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AI and other tech key to post-Brexit success, says Matt Hancock
Digital secretary Matt Hancock highlights the importance of emerging technologies to the future of the UK at the opening of London’s cyber security innovation centre
Seizing new technology can be the basis of the UK’s success after Brexit and the rest of the 21st century, according to digital secretary Matt Hancock.
“I profoundly believe that cutting-edge technology, coupled with creative and artistic genius, is the fulcrum on which our country will be built,” he said at the opening of London’s £13.5m government-funded cyber innovation centre.
The centre, to be known as the London Office for Rapid Cybersecurity Advancement (Lorca), is located at the Here East digital and creative campus on the site of London’s Olympic Park.
It will be run by Plexal, which operates the capital’s largest innovation space and specialises in helping high-tech startups in artificial intelligence (AI), augmented reality (AR) and the internet of things (IoT).
“We now have the chance to build on what we have done over the past decade and truly capitalise on this opportunity. Cutting-edge technology is ultimately the future of our economy,” said Hancock.
“We’re in a good place. Investment in the tech sector doubled in the past year, and is growing at three times the pace of the rest of the economy. We have created more jobs than ever before and employment rates are at record highs.”
However, Hancock said there are “understandable concerns” that these technologies will undermine jobs and prosperity, but the risk is not in adopting new technologies that will change jobs. “The risk is that we don’t adopt new technologies and that we fail to create the jobs of the future,” he added.
The cyber security industry is a case in point, he said, pointing out that the UK is in a good position to capitalise on this growing international market with the world’s highest investment in tech after the US and China and London, again this year, ranking as the leading tech hub in Europe.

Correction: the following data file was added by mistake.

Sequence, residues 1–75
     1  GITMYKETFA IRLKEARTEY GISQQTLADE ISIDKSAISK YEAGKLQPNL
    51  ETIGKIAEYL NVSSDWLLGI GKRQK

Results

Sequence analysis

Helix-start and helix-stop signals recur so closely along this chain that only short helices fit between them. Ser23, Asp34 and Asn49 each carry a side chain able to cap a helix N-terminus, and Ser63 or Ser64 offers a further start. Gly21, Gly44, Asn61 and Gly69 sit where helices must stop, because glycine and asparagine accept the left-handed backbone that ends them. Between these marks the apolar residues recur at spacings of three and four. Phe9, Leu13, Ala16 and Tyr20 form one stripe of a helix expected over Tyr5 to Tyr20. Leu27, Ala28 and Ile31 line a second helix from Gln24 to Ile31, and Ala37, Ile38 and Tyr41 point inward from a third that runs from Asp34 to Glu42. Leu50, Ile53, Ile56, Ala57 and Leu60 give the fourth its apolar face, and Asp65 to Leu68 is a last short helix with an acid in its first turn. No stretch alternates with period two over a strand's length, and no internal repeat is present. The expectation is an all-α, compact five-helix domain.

“It’s not just London, of course. Nearly 70% of investment in the UK tech industry last year was outside the capital. This spark of creativity and innovation is fuelling remarkable economic growth,” said Hancock.
Pointing to the fact that unemployment is at a 40-year low, the UK is seeing the first sustained fall in debt in a generation, the economy has grown every single quarter for more than twenty quarters, income inequality is falling and real wages are beginning to rise, Hancock said these advances are only happening if the UK seizes the opportunities that new technologies provide.
He said the government supports the development of the internet of things (IoT), distributed ledger technologies, quantum computing and artificial intelligence (AI).
Focusing on AI, Hancock said what makes AI so revolutionary is that it learns itself and gets better every single day, adding that “just as AI itself is adapting every day, our economy and society is adapting too, and must adapt so we can make the most of this seismic change.”
Noting that all great advances in the human condition have been led by improvements in knowledge and collective intelligence, Hancock said the next advance will differ only in that the intelligence is not just in the connection of human minds.
“Whether it’s improving travel, making banking easier or helping people live longer, AI is already integral to our economy and our society,” he said.
“We are known across the world as a place where AI can thrive because we are a nation with firm ethical principles, a mature regime for data protection and privacy, and the confidence offered by strong cyber security and partnership between government, businesses and academia.”
Debating AI ethics
According to Hancock, the UK is gearing up to take advantage of AI by starting the debate on the big ethical questions through the Centre for Data Ethics and Innovation, chaired by Roger Taylor.
“Britain is already an authority in AI. We have the world’s best AI company, Deepmind, and we are recognised by the OECD [Organisation for Economic Cooperation and Development] for leading in the use of AI in government. But we need to keep looking forward,” he said.